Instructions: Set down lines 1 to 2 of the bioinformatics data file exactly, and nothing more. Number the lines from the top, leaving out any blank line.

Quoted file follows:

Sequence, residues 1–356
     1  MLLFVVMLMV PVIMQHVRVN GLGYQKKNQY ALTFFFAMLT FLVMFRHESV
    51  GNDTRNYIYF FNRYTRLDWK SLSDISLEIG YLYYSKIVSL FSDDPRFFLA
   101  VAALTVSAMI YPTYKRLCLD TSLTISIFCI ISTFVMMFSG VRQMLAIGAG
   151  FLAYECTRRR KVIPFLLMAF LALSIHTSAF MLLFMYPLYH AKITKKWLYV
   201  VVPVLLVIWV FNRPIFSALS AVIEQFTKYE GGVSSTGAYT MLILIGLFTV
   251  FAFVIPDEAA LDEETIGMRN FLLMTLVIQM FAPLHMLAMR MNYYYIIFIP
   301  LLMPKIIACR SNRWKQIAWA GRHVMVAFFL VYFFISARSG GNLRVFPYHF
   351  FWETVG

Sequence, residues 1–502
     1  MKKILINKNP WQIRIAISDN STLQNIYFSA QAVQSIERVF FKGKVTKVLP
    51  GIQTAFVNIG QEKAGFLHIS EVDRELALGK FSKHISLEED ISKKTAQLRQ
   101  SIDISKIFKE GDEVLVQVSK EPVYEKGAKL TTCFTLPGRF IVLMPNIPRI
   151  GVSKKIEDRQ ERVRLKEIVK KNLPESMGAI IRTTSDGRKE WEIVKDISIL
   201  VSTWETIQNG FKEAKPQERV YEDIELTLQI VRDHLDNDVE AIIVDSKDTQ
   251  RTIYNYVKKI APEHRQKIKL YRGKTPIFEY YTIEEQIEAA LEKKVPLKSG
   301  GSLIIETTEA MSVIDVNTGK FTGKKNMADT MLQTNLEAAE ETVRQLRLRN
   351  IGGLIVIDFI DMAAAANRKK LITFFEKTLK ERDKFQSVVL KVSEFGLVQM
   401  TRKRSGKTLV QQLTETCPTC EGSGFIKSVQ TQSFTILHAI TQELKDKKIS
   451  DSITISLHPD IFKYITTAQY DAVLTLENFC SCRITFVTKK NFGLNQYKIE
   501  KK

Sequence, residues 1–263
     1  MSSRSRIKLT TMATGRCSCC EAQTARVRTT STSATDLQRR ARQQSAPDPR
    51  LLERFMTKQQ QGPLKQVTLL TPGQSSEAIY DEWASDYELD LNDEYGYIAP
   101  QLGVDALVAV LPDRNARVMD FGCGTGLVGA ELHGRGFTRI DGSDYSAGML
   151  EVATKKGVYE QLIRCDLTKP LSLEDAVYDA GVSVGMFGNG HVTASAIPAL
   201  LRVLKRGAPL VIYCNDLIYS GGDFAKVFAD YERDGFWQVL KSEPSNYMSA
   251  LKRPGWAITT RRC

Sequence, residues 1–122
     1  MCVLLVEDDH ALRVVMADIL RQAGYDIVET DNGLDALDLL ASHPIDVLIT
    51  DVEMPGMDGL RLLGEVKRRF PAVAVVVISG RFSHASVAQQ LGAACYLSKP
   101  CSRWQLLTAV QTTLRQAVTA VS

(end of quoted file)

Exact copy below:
Sequence, residues 1–356
     1  MLLFVVMLMV PVIMQHVRVN GLGYQKKNQY ALTFFFAMLT FLVMFRHESV